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Windows 7: Clean install every year or two?

24 Aug 2010   #21

Windows 7 Ultimate x64

Quote   Quote: Originally Posted by nate42nd View Post
I wonder how many others do a clean install every year or so. It feels good to start clean.
I'm a techie and a systems admin for a living. I start clean on a regular basis and have for as long as I can remember. These days, I often just make an image of the machine right after install, patching and activation. This would be the one that I would restore if I wanted to start over. Since I keep all of my data on a file server at home, and I don't customize much...I honestly don't even take the time to bother troubleshooting signficant problems. I simply just lay my image back down and go on with life.

Quote   Quote: Originally Posted by marsmimar View Post
This might be a no-brainer type question. Hope you don't mind. My laptop has a manufacturer's recovery partition that let's me restore my machine to a like new condition. Is this type of install as good as a traditional clean install using an installation disk? (Aside from having to remove the manufacturer's crapware that also gets installed.)
Personally, I think this is fine. While technically not as good, I think for "most" people, the results are sufficient enough to restore the box and then uninstall the software that you don't want. I mean if you have the media and the know how...go with a clean load. But don't fret if you don't.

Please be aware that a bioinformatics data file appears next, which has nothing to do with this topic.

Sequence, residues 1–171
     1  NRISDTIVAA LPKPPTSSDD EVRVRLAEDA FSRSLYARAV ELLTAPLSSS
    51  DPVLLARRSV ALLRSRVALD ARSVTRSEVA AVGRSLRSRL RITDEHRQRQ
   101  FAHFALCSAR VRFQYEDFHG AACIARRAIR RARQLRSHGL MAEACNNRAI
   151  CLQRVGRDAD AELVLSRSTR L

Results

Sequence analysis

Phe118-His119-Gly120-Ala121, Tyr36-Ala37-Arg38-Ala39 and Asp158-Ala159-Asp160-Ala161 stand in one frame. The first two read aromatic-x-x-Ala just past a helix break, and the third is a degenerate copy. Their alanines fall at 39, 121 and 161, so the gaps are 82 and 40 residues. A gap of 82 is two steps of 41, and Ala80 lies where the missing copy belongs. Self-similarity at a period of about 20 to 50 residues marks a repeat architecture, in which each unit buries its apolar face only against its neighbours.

[QUOTE=gregrocker;915569]Not really. The bloatware is corrupting even with its uninstallation, often damaging System Files beyond repair.[/qoute] While I understand the principal here...I'm not sure that I have really ever seen a situation where the bloatware installation caused that big of a problem.

Quote   Quote: Originally Posted by gregrocker View Post
Any factory utilities will not be useable with the reinstall anyway -Windows 7 has better ones built in - so those partitions can go also.
The downside is the mfg's often put diagnostic utilities and such in these partitions and for the average joe would will call for service or try to get a part covered under warranty, the process becomes more difficult when the likes of Dell/HP/etc cannot do what they want to troubleshoot. And when they find out you put the OS back on the box, they sometimes start to blame you rather than figure out root cause.

My System SpecsSystem Spec
24 Aug 2010   #22
Microsoft MVP


I find that after uninstalling Office Trial version and Norton or MucAfee, there is unfixable System File damage in many cases. This is whether I use Revo or not. It's asymptomatic but bothersome enough for me to do a clean reinstall.

I agree that one needs to be committed to going as clean as possible to test performance potential to avoid using the Recovery partition to clean reinstall. And I would never remove that partition without having made a verified set of Recovery Disks for a path back to factory condition.